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Hello December, bring it on! This should be my favorite time of the year – after all there’s great anticipation almost every week – my birthday, Christmas, and a brand new year hovering on the horizon, but this month feels like it’s fixing to beat the crap out of me. Like me, for many of you, this is a tough month. We have to deal with the pressure of performance, expectations, lost loved ones, being far away from home and sagging under the weight of the entire year resting on our shoulders.

The truth be told. Lately, I haven’t been a first-rate version of myself but instead of wallowing in self-pity and rehashing the  disappointments for the goals that slipped through the cracks of  poor-timing, paralyzing fear and just plain, unflavored indolence, I’m going to love myself a little more this month, just because my hypothalamus still works. It secreted enough acetylcholine to wake me up and boy – where there’s life, there’s hope!
I am facing this December head on.

Every morning this month, before self-damning thoughts assail my brain, I’m adopting the life-changing mirror ritual by Dr. Christiane Northrup – I’ll be kind to my soul.

I’ll reach out with understanding to my broken heart over the dreams that crashed and burned this year. I’ll pat my laugh lines and double chin tenderly, smooth over my crow’s feet and the furrows on my brow. When my eyes mist over, I’ll remember there’s a still river inside me and let it overflow its bounds. I will stand in awe of all God created in me. Then I will whisper, so only I can hear, “I love you.” over and over again. Till I believe with all my heart and mind and soul, that this gimper staring back at me will be okay.

Happy Days Ahead!

http://www.oprah.com/video_embed.html?article_id=57402

Lessons from Playing Monopoly – When the Game is Over

Monopoly

A few weeks ago, I spent an entire Sunday afternoon playing monopoly with my son and before he rolled the dice, I said, “Honey, remember  you are already valuable, it’s not what you have that determines your worth. Ok? ”

Well, I could have saved my breath because he was completely and irrationally obsessed with acquiring every property his bronze, horse token landed on. If he could buy the jailhouse, he would have. The thrill of acquisition dissipated when his cash reserves ran low and he needed to liquidate properties, houses and hotels to pay rent, bank levies or taxes. Sean, still without guile at thirteen, started bending the rules and kept eyeing the bank vault, trying to keep his game afloat. My strategy was simple – service versus greed. So I set my targets on utilities, railroads and a few choice properties .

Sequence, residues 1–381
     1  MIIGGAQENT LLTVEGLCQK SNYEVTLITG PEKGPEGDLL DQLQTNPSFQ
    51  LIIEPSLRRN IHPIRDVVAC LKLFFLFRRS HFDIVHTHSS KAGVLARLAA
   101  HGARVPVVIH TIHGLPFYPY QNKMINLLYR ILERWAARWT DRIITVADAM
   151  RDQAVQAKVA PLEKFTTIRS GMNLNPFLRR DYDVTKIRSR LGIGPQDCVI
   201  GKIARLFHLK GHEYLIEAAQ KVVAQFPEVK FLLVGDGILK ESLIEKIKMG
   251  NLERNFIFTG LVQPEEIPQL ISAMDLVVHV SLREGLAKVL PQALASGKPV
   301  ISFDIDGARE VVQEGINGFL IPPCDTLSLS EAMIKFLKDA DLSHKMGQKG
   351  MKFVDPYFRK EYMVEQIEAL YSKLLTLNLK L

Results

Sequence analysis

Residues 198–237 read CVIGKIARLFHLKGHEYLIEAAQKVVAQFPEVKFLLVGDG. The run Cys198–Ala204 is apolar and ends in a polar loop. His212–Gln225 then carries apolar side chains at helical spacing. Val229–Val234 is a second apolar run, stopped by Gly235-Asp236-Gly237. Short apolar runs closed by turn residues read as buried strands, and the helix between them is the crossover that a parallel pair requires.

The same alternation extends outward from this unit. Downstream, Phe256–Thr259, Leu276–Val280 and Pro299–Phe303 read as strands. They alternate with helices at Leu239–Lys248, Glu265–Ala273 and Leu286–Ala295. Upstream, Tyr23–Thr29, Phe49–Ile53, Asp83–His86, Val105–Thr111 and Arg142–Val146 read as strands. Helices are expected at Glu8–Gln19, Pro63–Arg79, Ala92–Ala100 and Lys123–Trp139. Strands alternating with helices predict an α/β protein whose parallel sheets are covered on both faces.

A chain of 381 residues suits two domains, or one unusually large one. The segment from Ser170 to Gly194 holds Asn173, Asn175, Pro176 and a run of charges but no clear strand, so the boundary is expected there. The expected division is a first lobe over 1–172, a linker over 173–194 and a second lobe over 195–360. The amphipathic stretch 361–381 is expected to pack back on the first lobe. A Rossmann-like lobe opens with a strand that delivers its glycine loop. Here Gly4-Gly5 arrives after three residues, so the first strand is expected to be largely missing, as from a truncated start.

In life, we are valuable because God loves us, even before we were born. Our performance or accumulation of things like badges of status will not endear us to Him. His love is sure and does not waver.

monopoly

A life that has meaning does not hold on to riches and its inherent lie that money defines us. There are no tight fists in the casket. People with the intentional posture of opens hands believe in generosity and are channels of God’s goodness and love. Anything you own turns around and possesses you right back. Imagine the aggravation from every dent in your brand new car or the shattered screen of your new iPhone, your obsession with your home security etc.  I agree with Al Watt from  LA Writer’s Lab, “…hold your (story) elements loosely.”

“You have to ask yourself: When you finally get the ultimate possession, when you’ve made the ultimate purchase,when you buy the ultimate home, when you have stored up financial security and climbed the ladder of success to the highest rung you can possibly climb it, and the thrill wears off–and it will wear off–then what?” — John Ortberg

A modified version of a story I heard at a church service goes like this  – A grandson (Pastor John Ortberg) finally beat his grandma at monopoly one weekend after summer vacation and she lauded him,

“I see you’ve finally learnt that this game is requires a 100% commitment to acquisition.”
“Took me a whole summer, but well worth it!” He said, gloating in victory.
“Now you are ready to learn a second lesson – everything goes back into the box.”

Life is a game that ends at some point and player after player – the truck driver asleep at the wheel, a business mogul in a plane crash, a young model with a life of glamor in her sights shot by a jealous boyfriend, a dictator beheaded by rebels (all pretty grim huh?), a grandfather passing away in his sleep… we all go by way of the box, so why stress over stuff?